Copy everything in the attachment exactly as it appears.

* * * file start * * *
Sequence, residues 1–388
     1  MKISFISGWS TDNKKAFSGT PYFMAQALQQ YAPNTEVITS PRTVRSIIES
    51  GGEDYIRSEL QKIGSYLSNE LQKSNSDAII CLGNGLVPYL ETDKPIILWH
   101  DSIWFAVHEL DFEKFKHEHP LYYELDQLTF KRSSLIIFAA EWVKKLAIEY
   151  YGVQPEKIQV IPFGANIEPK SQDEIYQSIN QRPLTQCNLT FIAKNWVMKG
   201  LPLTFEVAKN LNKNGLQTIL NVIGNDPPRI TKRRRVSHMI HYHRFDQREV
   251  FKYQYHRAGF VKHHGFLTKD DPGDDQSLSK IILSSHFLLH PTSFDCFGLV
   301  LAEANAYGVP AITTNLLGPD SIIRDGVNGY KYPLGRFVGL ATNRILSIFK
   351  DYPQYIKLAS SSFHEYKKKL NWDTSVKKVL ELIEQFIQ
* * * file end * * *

Sequence, residues 1–388
     1  MKISFISGWS TDNKKAFSGT PYFMAQALQQ YAPNTEVITS PRTVRSIIES
    51  GGEDYIRSEL QKIGSYLSNE LQKSNSDAII CLGNGLVPYL ETDKPIILWH
   101  DSIWFAVHEL DFEKFKHEHP LYYELDQLTF KRSSLIIFAA EWVKKLAIEY
   151  YGVQPEKIQV IPFGANIEPK SQDEIYQSIN QRPLTQCNLT FIAKNWVMKG
   201  LPLTFEVAKN LNKNGLQTIL NVIGNDPPRI TKRRRVSHMI HYHRFDQREV
   251  FKYQYHRAGF VKHHGFLTKD DPGDDQSLSK IILSSHFLLH PTSFDCFGLV
   301  LAEANAYGVP AITTNLLGPD SIIRDGVNGY KYPLGRFVGL ATNRILSIFK
   351  DYPQYIKLAS SSFHEYKKKL NWDTSVKKVL ELIEQFIQ